Premier Ed Stelmach hammed it up for photographers as he chowed down on a pork sandwich yesterday to show his support for Alberta’s pork industry, which has been reeling since the influenza A (H1N1), also known as swine flu, scare began.

Roughly 1,500 free sandwiches were served by dozens of Alberta pork producers to hungry lunch-goers at the legislature grounds in a rally that is a much-needed morale boost for farmers, said organizers.

“Our pork is safe and we want to show that confidence to our consumers,” said Roy Kruse, a director of consumer services with Alberta Pork.

“This has been very difficult for our producers and we really need to rally behind them.”

Many countries, including China, have closed their doors to pork from Canada ever since the scare began in Mexico. Alberta’s industry took another public relations hit when 2,200 pigs in a farm near Rocky Mountain House were infected by a worker with swine flu, earlier this month.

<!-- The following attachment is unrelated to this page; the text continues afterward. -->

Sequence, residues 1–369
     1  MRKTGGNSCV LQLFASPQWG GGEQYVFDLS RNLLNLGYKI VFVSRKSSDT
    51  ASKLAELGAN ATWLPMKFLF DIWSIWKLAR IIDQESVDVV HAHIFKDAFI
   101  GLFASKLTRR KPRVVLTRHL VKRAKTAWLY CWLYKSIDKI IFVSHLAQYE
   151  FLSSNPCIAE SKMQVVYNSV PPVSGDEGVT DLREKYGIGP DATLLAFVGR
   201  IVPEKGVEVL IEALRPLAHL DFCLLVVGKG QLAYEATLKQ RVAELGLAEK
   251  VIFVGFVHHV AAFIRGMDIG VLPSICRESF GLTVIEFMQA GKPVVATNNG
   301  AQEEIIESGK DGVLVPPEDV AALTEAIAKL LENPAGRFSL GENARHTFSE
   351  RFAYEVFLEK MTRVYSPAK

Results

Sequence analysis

Roughly 500 head of pigs were culled to ease overcrowding concerns at the farm, said Alberta health officials who add the issue is not a food safety concern.

The remaining pigs are still under quarantine at the farm, but the farmer has asked the government through the media to cull all of his pigs to send a message to consumers around the world.

“The talk is worse than anything else,” said Joe Wipf, a Lethbridge area pork producer. “If this name wouldn’t have been given, the swine flu instead of its real name, nothing would have happened.”

Stelmach told producers during the rally that talks are underway with provincial leaders to come up with a plan to get pork back on store shelves in grocery stores around the world.

“Canadian pork products are safe, and we expressed our dismay that countries like China and Russia are making decisions to ban pork without scientific justification,” said Stelmach.